June 05, 2012

At 6-foot-7 and 285 pounds, Lemont (Ill.) High senior Ethan Pocic might be best known for his run-blocking abilities. The No. 3 offensive lineman in the class of 2013, according to Rivals.com, the Chicago native will be LSU's top-rated player at the position after committing to the Tigers last Tuesday.

"Pretty much, ground and pound's my style," the 17-year-old Pocic said. Spoken like a true lineman, the four-star offensive tackle said he enjoys, "just hittin' people."

After boasting the NCAA's 22nd-ranked rushing attack in 2011, LSU locked up a verbal commitment from the blue-chipper, bolstering an offensive line that amassed 2,836 rushing yards last season. It was precisely the Tigers' concentration on the ground game -- and their offensive line, in particular -- which initially put LSU's offer a step above those of other SEC powerhouses, including Alabama, Auburn, and Florida. "They run the ball so much -- it was a perfect fit for me," said Pocic.

Another factor might have helped to seal the deal. During the recruiting process, Pocic and his family felt a natural connection with LSU coach Les Miles. Despite the Mad Hatter's fame, Miles "seemed very down to earth," according to Gary Pocic, Ethan's father. "He talked to myself, and my wife, and Ethan like we'd been friends for years," Gary said.

After his visit, Ethan immediately knew he belonged with the Tigers. His decision also reinforced something else: He wanted to make the most of his senior season at Lemont.

Ethan still has one year left before he moves to Baton Rouge, La. That means one more shot at a state championship, something the Indians came tantalizingly close to in 2011. Pocic anchored a rushing attack that racked up 3,086 rushing yards and made a state Class 6A semifinal run. Lemont lost a 34-31 double overtime thriller to Richwoods (Ill.) High, a result they'll look to avenge this time around.

And according to Lemont head coach Eric Michaelsen, Pocic's footwork could make him even more valuable in the trenches in 2012: "Sometimes you get big kids that aren't able to the things athletically that he's able to do," Michaelsen said. "Even the [Lemont] basketball coaches were after him -- that's how good an athlete he is."

Michaelsen, who also heads up the offensive line, first recognized Pocic's potential after watching him flatten defenders as a sophomore. "When you see him driving somebody 10 yards downfield, that's when you say, 'Hey, we got something special," Michaelsen said. Pocic's talents even earned him enough respect to be elected team captain as a junior, a rarity in Lemont's well-established program.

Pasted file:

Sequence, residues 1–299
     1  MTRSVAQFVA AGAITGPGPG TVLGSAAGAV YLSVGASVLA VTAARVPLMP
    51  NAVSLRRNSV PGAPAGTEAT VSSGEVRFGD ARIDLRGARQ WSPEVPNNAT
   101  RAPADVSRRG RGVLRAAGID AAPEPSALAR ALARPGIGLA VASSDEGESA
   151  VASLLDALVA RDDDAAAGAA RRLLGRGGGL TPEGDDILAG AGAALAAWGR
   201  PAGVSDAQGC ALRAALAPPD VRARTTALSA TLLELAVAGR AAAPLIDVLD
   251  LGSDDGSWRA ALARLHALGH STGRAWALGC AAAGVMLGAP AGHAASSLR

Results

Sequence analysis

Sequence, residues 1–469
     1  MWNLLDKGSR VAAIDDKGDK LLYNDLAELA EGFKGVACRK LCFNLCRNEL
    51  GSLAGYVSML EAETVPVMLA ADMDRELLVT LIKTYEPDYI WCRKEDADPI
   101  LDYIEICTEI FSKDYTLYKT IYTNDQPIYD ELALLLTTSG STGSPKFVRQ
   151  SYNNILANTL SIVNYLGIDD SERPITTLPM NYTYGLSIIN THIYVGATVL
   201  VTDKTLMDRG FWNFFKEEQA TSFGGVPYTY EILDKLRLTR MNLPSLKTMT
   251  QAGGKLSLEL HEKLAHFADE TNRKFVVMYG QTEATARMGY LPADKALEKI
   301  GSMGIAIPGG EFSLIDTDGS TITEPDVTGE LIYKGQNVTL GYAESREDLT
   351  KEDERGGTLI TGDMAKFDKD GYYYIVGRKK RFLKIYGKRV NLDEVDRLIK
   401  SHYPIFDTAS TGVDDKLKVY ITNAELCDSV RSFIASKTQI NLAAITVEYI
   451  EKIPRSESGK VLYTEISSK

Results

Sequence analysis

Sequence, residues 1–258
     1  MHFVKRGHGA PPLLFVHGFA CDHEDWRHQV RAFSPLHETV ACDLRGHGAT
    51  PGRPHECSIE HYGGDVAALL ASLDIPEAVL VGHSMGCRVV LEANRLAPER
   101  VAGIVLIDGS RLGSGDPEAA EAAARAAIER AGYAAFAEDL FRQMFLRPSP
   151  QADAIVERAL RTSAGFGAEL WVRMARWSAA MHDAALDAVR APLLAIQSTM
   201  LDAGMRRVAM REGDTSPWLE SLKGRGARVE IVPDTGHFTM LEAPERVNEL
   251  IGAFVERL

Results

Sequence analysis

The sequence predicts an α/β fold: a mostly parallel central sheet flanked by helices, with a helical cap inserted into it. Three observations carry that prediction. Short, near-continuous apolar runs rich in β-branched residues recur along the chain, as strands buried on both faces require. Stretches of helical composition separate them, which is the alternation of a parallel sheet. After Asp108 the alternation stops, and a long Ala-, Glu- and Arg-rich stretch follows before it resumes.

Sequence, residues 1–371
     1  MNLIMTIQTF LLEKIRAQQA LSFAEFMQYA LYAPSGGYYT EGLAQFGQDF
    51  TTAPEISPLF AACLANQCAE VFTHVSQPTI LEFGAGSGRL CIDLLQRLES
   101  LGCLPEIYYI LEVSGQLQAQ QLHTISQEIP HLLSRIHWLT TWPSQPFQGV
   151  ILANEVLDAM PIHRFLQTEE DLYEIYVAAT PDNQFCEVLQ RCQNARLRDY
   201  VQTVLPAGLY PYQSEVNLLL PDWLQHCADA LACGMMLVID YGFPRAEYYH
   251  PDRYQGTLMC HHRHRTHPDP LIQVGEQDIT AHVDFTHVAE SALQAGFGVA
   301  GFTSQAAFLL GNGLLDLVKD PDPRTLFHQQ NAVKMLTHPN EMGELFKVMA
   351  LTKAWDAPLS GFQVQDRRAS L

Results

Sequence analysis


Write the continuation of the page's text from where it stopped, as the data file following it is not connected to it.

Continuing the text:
While his physical attributes are clearly impressive, Pocic is also willing to assist his team in other ways. "He cares enough to help out the younger kids with their technique -- the kids that aren't as talented as he is," Michaelsen said. Michaelsen cites that kind of confidence and leadership as traits that will help distinguish him at the next level.

There's one other element that could help Pocic: He has a Division-I football blueprint to follow. Graham Pocic, Ethan's older brother, is a two-year starter on the offensive line at Illinois. He used to mentor his younger sibling -- sort of. "Me and my buddies used to pick on him," Graham, 22, said.

According to their father, the two have been wrestling since they were kids. The brotherly shenanigans continue even now, as gargantuan linemen who collectively weigh close to 600 pounds. This spring, following some trash talk, the two went at it on the living room floor.

"They'll just start jaw-jacking, and then a little knock, or light shove," Gary said. "Then one thing will lead to another, and before you know it, you've got the floor joists pounding."

Besides the roughhousing, however, Graham helped Ethan with his football proficiency. He demonstrated blocking techniques and other football skills, a mentorship that has benefited Ethan since he was a fourth grader.

"He's a goofy kid, but he's gotten tougher as he's gotten older," Graham said. "You won't find a harder worker at the high school level."

A first team-all state selection, Pocic is a highly touted prospect. He has dreams of becoming an SEC stalwart, starring in the nation's undisputed power conference. His large frame even provides him with significant upside and room to bulk up when he arrives in Baton Rouge.

That last part should be easy -- Ethan likes Cajun food.

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